In this older cohort of adult CHD patients (mean age 40 years) with IART, the acute and late success of RFCA was similar to that reported for younger patient cohorts including pediatric and adolescent patients. RFCA was successful in 69% of patients in whom ablation was actually attempted. Acute procedural success was associated with the use of electroanatomic mapping, but was less successful in patients with Fontan palliation or atrial switch operations. Patients who had a successful RFCA had a lower IART recurrence rate when compared with patients who had an unsuccessful RFCA. In late follow-up, IART recurred in 48% of patients who had an initially successful RFCA, and these recurrences were associated with older age at the time of RFCA and Fontan palliation.
The overall acute success rate in our population is comparable to that of a previous large study of younger patients with CHD (63% vs. 66%) using the same definition for procedural success (ablation of all IART circuits) (4). In their study, Triedman et al. (4) included CHD patients with a mean age of 25 years and a higher percentage of Fontan palliation compared to our study (47% vs. 15%). Other smaller studies have shown a higher acute success rate ranging from 73% to 100% (5–12). However, some of these studies included only patients with 1 specific CHD diagnosis (10,12).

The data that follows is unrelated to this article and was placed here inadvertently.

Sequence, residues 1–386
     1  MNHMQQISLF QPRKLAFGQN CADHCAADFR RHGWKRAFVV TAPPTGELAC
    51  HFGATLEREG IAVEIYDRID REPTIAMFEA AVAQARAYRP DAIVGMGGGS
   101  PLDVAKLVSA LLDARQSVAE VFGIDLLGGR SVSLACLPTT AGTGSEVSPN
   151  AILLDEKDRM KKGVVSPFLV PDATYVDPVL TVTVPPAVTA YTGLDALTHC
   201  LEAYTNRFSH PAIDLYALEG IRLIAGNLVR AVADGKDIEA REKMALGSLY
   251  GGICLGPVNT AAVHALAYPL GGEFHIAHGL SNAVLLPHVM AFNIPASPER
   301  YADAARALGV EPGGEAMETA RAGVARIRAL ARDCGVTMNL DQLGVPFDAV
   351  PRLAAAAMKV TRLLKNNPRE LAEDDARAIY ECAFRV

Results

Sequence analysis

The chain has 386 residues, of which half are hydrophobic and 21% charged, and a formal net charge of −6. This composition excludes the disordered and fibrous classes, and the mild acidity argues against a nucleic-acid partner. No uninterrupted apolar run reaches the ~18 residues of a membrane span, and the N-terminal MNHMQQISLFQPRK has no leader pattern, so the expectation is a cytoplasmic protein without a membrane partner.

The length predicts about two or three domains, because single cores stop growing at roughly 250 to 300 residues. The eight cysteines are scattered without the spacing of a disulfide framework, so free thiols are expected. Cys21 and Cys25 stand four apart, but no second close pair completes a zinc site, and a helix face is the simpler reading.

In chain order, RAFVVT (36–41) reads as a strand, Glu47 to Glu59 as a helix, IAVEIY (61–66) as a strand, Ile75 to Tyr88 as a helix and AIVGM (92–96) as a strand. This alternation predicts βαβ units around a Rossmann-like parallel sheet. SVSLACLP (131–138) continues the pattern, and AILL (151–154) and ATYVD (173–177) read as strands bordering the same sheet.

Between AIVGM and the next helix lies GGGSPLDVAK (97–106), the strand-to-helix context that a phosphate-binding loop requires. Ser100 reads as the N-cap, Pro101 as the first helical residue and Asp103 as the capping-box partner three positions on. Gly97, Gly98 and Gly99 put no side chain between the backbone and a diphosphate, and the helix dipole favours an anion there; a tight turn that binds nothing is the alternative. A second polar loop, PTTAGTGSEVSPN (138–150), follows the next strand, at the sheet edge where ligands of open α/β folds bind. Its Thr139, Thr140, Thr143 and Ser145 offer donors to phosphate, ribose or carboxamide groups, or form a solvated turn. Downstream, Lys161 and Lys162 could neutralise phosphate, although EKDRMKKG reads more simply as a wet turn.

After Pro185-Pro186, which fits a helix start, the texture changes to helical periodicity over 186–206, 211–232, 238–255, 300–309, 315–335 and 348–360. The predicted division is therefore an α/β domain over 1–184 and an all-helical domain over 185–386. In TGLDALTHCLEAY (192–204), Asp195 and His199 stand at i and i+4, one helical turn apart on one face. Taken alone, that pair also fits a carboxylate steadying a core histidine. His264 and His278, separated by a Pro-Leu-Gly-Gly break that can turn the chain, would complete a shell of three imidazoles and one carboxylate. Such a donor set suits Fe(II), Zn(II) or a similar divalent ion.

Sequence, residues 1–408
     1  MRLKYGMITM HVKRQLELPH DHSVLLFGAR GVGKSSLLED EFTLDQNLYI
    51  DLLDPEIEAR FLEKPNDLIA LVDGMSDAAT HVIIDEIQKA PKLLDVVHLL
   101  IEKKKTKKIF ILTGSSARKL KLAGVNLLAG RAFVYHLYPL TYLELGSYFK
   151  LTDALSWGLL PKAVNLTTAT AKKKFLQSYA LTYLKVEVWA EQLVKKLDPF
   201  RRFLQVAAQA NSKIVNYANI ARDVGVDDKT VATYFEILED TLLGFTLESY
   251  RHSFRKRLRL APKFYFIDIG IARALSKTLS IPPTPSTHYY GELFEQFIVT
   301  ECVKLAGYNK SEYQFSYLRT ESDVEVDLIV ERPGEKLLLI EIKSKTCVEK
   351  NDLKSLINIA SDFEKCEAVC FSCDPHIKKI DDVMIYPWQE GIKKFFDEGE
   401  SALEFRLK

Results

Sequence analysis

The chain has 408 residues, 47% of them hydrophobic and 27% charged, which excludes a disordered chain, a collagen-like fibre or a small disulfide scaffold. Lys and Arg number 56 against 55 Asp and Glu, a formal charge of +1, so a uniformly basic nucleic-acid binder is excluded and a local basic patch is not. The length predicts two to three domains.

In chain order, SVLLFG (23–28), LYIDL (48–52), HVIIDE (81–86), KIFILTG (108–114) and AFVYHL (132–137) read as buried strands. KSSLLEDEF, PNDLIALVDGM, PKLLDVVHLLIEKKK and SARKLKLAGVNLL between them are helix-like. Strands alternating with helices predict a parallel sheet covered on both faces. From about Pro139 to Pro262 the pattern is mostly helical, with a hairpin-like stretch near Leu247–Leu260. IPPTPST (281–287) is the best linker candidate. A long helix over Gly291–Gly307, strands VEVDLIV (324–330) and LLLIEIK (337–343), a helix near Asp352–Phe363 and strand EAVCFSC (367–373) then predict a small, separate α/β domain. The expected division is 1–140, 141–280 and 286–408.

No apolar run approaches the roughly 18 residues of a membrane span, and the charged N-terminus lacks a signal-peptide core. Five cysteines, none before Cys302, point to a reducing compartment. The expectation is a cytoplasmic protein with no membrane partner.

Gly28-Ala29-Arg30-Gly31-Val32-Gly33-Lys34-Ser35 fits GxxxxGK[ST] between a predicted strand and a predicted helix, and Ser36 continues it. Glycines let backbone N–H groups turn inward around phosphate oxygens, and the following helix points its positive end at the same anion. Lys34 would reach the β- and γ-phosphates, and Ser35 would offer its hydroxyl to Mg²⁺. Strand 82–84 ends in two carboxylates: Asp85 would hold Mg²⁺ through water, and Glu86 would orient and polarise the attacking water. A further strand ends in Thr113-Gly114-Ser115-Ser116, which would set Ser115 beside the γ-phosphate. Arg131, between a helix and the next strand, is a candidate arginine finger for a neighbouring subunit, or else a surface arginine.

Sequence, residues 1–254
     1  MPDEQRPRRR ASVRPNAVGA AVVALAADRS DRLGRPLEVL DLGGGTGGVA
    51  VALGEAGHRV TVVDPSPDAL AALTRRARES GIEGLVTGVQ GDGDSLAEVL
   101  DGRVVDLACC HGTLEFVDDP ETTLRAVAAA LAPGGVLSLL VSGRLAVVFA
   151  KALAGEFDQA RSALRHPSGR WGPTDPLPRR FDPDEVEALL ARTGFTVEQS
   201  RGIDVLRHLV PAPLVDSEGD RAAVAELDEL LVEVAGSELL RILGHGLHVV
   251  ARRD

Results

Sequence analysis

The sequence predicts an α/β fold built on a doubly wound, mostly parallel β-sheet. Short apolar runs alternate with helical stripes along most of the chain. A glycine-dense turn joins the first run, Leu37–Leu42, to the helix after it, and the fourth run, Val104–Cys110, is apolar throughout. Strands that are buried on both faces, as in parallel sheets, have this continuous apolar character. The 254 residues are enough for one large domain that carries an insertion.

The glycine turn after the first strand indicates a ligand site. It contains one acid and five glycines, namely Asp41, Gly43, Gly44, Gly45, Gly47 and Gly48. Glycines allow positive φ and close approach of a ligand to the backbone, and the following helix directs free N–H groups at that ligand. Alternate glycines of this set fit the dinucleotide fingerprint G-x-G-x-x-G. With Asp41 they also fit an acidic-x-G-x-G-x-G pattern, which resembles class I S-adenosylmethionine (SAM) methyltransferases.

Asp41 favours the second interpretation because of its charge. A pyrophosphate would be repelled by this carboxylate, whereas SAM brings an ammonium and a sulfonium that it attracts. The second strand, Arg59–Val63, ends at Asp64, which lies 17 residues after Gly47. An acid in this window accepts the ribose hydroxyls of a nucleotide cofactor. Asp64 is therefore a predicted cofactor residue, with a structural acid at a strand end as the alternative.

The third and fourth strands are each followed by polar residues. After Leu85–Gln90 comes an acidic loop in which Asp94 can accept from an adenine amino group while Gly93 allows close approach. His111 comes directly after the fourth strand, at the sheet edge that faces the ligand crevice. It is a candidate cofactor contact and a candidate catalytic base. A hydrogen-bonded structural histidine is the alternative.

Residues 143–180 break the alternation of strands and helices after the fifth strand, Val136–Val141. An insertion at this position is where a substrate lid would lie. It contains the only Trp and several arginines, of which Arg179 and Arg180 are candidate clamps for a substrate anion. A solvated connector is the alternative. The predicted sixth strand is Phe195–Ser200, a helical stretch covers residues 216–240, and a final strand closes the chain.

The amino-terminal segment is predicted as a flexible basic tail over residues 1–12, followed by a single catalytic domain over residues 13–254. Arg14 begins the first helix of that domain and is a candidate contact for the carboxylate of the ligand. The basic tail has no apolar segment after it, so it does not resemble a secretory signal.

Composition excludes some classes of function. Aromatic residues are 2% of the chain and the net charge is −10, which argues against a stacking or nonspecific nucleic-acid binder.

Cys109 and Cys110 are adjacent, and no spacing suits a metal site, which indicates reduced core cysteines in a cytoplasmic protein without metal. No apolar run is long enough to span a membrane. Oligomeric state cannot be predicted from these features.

In our study, Fontan palliation and Mustard repair, notorious for their complex atrial anatomy, were associated with higher RFCA procedural failure rates. Several factors reduce the acute success rate of RFCA in patients with Fontan palliation, including markedly enlarged, scarred right atria with wall thickening and high right atrial pressures. That may result in multiple or large complex macro–re-entrant flutter circuits that require multiple or long linear transmural ablation lesions to transect (11). Completion of these linear lesions with conduction block may be challenging, given the substrate at hand. Our patients with Fontan palliation had multiple IART circuits, which were usually not CTI dependent (79%). The most common reason for an unsuccessful ablation in our Fontan patients was a failed ablation of a non–CTI-dependent IART.